Conjuring Credits

The Origins of Wonder

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Living and Dead Test: Sharp Pencil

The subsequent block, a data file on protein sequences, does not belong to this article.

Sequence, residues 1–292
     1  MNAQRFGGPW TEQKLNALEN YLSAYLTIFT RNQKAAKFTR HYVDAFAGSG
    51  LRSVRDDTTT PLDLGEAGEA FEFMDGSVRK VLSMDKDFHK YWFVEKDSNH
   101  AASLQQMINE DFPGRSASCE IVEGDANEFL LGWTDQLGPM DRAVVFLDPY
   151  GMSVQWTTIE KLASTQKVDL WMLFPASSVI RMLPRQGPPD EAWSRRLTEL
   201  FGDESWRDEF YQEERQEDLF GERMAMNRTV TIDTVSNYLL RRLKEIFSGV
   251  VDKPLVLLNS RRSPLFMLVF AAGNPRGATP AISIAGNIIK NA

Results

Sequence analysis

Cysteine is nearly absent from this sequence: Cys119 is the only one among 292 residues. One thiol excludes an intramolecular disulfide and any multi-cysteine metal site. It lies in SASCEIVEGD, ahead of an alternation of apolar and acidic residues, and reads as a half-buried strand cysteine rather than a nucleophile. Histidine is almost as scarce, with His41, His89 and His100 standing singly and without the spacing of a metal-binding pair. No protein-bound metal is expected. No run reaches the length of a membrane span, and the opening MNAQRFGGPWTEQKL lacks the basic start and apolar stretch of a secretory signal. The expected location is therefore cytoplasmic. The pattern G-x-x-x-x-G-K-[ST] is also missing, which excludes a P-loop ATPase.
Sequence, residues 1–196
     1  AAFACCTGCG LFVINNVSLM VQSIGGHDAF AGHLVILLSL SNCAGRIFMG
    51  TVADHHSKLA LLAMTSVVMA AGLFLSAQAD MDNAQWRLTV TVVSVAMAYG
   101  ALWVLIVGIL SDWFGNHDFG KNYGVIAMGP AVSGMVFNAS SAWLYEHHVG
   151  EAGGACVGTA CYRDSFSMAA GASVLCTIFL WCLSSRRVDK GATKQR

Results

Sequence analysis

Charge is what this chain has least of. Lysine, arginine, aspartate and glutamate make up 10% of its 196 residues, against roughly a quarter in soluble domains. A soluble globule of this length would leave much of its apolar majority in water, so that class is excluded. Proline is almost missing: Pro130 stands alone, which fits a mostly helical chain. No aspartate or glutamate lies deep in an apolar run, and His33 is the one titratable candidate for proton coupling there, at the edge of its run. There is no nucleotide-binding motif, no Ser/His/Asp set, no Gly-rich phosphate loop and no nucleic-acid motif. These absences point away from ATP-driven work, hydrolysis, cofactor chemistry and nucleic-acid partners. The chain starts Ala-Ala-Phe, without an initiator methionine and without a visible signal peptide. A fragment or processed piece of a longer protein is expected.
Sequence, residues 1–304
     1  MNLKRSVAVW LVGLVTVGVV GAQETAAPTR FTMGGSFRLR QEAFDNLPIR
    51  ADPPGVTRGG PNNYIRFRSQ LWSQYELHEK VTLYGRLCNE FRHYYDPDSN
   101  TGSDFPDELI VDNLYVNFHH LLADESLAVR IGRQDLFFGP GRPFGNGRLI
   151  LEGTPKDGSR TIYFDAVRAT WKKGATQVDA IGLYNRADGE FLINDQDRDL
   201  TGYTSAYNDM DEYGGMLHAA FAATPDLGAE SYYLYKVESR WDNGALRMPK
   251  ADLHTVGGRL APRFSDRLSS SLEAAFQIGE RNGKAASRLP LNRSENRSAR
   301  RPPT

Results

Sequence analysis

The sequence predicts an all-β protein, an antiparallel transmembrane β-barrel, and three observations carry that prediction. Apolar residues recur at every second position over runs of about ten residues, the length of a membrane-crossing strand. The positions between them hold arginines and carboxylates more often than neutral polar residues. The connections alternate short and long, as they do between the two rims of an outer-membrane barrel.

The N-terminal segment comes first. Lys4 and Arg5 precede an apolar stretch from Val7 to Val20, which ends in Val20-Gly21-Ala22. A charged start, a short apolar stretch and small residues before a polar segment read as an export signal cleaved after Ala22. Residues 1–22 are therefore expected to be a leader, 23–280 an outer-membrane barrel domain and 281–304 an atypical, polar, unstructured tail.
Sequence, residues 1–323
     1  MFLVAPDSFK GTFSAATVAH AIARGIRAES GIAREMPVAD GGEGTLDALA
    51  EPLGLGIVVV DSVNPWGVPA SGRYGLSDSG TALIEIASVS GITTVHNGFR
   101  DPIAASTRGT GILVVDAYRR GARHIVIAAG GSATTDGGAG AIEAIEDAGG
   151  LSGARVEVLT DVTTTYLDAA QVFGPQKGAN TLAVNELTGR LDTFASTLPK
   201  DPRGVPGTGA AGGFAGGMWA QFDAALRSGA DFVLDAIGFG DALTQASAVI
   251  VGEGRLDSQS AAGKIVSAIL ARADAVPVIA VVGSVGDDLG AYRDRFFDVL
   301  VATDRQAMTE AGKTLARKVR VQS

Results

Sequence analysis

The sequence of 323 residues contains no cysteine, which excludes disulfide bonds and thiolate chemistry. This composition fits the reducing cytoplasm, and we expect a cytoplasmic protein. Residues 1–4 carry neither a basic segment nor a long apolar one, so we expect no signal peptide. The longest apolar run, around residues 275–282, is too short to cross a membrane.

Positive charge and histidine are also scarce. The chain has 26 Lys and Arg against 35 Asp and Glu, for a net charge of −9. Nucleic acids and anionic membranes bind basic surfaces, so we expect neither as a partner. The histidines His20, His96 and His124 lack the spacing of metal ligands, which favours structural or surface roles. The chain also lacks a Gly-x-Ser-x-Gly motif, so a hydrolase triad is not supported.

Using a keenly sharpened pencil point as the means of determining the first name of several written by a spectator—which is the name of a dead person, while other names are of the living—is a classic and enduring method. Its inventor has gone uncredited, but in the September 1930 issue of The Sphinx, Vol. 29 No. 7, p. 272, Al Baker claims the idea as his. He wrote that the method was “created by myself many years ago, and when I gave it to the late Houdini, he said it was the cleverest idea he had ever seen. I understand it is now being marketed and mention the above so that you may know where the effect originally started.” Further, Baker's idea was recorded in December 1923 in Eugene Bulson's notebooks; see The Secret Ways of Al Baker, edited by Todd Karr, 2003, p. 718.